Visiting Assistant Professor, Anthropology Pomona College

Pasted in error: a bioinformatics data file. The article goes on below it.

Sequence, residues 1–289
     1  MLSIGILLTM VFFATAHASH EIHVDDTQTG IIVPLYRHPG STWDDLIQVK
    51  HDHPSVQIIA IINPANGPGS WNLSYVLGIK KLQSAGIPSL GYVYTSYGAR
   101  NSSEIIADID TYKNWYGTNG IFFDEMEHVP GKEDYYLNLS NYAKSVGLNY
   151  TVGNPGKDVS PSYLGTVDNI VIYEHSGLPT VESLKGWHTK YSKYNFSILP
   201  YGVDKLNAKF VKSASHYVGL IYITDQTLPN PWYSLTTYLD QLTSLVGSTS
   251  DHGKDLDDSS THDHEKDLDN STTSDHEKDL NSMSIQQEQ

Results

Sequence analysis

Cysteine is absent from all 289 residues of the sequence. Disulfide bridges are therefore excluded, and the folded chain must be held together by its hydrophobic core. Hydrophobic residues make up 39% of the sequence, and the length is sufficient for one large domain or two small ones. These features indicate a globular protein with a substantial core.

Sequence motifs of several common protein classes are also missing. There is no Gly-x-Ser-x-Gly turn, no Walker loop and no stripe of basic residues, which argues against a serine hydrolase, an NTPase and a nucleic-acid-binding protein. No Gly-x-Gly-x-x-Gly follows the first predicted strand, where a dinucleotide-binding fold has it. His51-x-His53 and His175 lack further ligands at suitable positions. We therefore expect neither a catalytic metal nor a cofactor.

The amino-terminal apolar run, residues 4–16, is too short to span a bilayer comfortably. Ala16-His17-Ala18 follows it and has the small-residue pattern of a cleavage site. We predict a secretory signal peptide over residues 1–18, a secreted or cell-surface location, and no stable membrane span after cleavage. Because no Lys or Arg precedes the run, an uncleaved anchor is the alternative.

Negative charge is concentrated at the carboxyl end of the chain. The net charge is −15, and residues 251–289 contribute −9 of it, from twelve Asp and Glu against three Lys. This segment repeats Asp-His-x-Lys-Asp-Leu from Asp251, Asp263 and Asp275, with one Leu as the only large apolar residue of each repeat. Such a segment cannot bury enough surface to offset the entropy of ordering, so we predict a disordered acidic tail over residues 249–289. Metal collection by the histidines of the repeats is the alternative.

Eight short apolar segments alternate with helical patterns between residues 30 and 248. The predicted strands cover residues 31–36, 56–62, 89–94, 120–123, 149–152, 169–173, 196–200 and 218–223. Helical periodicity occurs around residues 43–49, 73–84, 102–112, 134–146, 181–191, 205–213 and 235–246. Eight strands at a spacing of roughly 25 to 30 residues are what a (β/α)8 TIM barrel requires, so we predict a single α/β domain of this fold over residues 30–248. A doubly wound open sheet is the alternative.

Based on research taking place in northern Marseille, this paper delves into differences among groups of people who identify as French Muslims, looking in particular at how these groups themselves formulate such differences. One of these groups of people has founded a private Islamic secondary school that is currently being evaluated for whether it can become part of l’Éducation Nationale. This would mean that the French Ministry of Education would pay teachers’ salaries and that a good portion, though not all, of the school’s curriculum would be synced to that of secular schools. Within this context, I examine how standard language ideologies and practices – regarding French as well as Arabic – have become one of the semiotic means via which this community imagines itself as both Muslim and French. A key part of this, furthermore, will be to discuss how people in this orthodox (or Sunni) community draw upon these standard language ideologies and practices to formulate themselves as a faith-based community very different: from both, white French people; but also, significantly, second and third-generation French individuals with Muslim heritage who speak less standard forms of French and Arabic (e.g., Marseillais French, Algerian Arabic, syncretic youth registers of French). Orthodox community members iconically depict the latter group of French Muslims as “faulty” speakers of these languages, and also “lapsed” Muslims.